Natural ovulation cycles
Every month from puberty to menopause, an egg is released from a follicle within one of your ovaries. In natural ovulation, each month your ovary starts to grow several follicles, one of which becomes dominant.
Two hormones are responsible for the development of follicles within your ovaries:
- Follicle stimulating hormone (FSH), and
- Luteinising hormone (LH)
The cells in the follicles also produce oestrogen and progesterone. Your hormone levels will rise and fall at different stages of your monthly cycle. If the egg meets a sperm somewhere in your fallopian tube, fertilisation may occur. Once cell division begins, an embryo travels down the fallopian tube to your uterus, where it should implant in the endometrium. This typically happens about seven days after ovulation.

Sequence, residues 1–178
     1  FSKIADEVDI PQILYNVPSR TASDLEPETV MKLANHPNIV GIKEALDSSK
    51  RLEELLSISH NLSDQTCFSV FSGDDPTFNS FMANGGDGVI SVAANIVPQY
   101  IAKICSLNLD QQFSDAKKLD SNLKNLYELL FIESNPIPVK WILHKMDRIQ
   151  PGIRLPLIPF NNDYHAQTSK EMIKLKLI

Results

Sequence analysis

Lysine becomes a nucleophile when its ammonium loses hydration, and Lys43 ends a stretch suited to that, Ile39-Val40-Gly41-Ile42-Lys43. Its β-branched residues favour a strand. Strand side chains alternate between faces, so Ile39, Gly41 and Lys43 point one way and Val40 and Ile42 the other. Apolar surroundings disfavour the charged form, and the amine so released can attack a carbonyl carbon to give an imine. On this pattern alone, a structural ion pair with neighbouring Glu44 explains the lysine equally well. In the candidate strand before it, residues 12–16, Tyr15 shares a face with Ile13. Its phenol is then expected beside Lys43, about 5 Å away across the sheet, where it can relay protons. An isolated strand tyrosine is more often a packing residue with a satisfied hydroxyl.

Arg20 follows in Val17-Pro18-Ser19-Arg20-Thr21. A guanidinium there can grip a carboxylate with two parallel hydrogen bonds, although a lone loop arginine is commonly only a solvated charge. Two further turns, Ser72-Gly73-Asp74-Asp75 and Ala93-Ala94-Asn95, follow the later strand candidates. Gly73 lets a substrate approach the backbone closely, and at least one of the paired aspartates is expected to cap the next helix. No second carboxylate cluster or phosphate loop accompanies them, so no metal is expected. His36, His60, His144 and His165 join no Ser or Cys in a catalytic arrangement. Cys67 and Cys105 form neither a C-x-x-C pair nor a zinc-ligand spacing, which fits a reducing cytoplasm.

Ovulation occurs after about 14 days on average, when the egg matures and is released. The egg can survive for about 8 hours in the Fallopian tube, where it can be fertilised by a sperm.
Your pregnancy window is the fertile time leading up to ovulation and fertilisation.
Once you know your pregnancy window, ensure you have sexual intercourse at least every two days during that time. Sperm will survive and retain fertilising ability for two to three days in the Fallopian tubes.
We don’t recommend using temperature charting as your temperature rises after you ovulate, and you need to have intercourse before ovulation. If you are concerned about your menstrual cycle, we can carry out tests to see what is happening.
To work out when you ovulate, subtract 14 days from the number of days in your cycle. So if your cycle is usually 28 days, you can expect to ovulate on day 14 (between day 12 to 16). It might be helpful to use a urine ovulation detection test during your pregnancy window.
Apart from increasing female age, infertility can be caused by problems within the female reproductive system, such as ovulation failure, tubal disease or endometriosis (about 40% of cases), or with sperm (again, about 40% of cases). In at least a third of cases there are both male and female factors causing problems.